For many people, summer is independent of all the other seasons, keeping its own schedule and playing by its own rules. So . . . I don’t know . . . is that a good enough excuse for my blogging silence for much of the summer? Hopefully maybe? I helped with a Bible camp for teens and a music day camp for kids (which finished up in August), and in the interim days was preparing for each one, on top of working my normal jobs. I’ve had a marvelous time!
But, confession: I’ve hardly done any serious writing. (Hence Camp NaNo in July was not an option for me.) However, now that life, from this vantage point at least, seems like it will settle into a straight line again, I hope to return to my writing routine. I started a new Marielle story and am tossing around a few other ideas as well.
|A Musical Game|
|Learning about the Planets and Decorating T-shirts|
I’m not sure how many of you are familiar with Gustav Holst and his orchestral suite The Planets, but that’s been a bit of an obsession with me lately, as I had the pleasure of introducing kids at the music camp to it since our theme was “Outer Space: The Music of the Spheres.” The Planets is one of my favorite pieces of classical music. Our solar system’s planets fascinate me, so I had a great time discussing both the music and the planets themselves with the kids. If you’ve never heard it, I highly recommend it! It’s made up of seven unique movements; you’re bound to like at least one of them. My favorites are Jupiter and Neptune; my least favorite is Mars.
I. Mars, the Bringer of War. Holst wrote The Planets during WWI, so this ominous piece reflects the destruction and senselessness of war underneath a triumphant veneer.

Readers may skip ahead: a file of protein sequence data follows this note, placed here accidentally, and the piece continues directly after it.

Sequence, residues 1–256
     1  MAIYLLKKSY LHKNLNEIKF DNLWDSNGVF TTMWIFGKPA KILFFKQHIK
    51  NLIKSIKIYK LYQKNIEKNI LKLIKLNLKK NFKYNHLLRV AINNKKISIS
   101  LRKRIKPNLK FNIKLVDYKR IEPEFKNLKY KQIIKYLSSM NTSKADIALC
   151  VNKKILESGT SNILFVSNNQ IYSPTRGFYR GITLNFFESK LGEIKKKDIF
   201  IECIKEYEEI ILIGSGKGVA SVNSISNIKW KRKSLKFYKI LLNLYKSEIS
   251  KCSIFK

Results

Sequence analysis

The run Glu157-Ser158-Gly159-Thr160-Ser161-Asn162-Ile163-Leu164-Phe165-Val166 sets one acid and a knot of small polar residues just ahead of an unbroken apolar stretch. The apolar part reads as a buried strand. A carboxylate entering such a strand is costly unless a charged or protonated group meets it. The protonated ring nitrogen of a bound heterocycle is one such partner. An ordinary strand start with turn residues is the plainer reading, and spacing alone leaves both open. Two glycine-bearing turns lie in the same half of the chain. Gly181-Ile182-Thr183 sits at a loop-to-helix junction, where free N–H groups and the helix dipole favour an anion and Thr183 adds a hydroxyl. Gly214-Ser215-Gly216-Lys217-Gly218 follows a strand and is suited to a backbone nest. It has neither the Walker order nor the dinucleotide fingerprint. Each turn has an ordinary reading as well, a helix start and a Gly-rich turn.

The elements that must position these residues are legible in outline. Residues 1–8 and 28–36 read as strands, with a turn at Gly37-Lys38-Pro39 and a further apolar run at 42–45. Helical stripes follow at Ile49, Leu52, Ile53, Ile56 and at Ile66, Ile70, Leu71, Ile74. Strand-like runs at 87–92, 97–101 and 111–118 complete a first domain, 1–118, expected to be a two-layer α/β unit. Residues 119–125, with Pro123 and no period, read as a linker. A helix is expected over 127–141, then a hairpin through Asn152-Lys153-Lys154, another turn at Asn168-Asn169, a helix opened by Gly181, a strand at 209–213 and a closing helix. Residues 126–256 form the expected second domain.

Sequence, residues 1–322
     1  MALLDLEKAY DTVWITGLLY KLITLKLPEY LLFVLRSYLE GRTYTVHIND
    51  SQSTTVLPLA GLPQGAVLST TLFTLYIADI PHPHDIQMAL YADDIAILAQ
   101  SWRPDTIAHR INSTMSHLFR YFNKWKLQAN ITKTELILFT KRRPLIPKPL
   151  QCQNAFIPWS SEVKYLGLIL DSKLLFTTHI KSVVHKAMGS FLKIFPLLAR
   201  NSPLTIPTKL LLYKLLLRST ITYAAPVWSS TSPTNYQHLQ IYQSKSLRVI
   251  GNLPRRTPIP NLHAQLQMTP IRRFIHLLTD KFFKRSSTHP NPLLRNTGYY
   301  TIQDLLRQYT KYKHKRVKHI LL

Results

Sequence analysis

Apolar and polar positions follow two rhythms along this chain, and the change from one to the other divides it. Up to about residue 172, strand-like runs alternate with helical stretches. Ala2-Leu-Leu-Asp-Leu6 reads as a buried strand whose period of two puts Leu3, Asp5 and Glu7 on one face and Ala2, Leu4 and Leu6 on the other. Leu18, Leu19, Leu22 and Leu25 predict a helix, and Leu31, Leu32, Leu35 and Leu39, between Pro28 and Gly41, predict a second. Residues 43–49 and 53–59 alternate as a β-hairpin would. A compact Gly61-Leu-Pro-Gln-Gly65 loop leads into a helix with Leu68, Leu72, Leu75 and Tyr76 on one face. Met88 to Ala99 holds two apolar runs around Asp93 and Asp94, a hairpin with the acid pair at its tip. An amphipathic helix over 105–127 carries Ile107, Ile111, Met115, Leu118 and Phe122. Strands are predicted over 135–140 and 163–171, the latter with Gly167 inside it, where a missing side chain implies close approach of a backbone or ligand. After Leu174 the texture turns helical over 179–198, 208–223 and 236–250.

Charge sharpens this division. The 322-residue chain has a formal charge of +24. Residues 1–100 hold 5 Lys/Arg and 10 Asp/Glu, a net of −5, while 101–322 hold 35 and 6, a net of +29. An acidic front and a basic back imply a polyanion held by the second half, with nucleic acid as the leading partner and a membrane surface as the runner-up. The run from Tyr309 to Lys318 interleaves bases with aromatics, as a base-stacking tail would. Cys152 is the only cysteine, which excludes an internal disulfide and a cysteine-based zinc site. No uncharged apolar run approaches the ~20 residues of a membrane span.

II. Venus, the Bringer of Peace. Gentle, melodious tones bring peace and healing, with a sense of sadness for what has passed, but hope for what lies ahead.
III. Mercury, the Winged Messenger. Speedy Mercury is represented by the shortest movement in the suite. The quick, darting theme remind us of a bird.
IV. Jupiter, the Bringer of Jollity. Jupiter is the “king” of the planets as it’s by far the largest. The music sounds like subjects celebrating their beloved king.
V. Saturn, the Bringer of Old Age. This sad, wistful piece sounds like an old man remembering the glory days.
VI. Uranus, the Magician. One pictures a pompous magician (dressed in blue?) waving his wand around performing tricks.
VII. Neptune, the Mystic. Deep blue Neptune reminds us of the ocean. The quiet, changeful, siren-like music images an underwater journey.
What have you been doing this summer? On my second note, have you ever listened to Holst’s The Planets?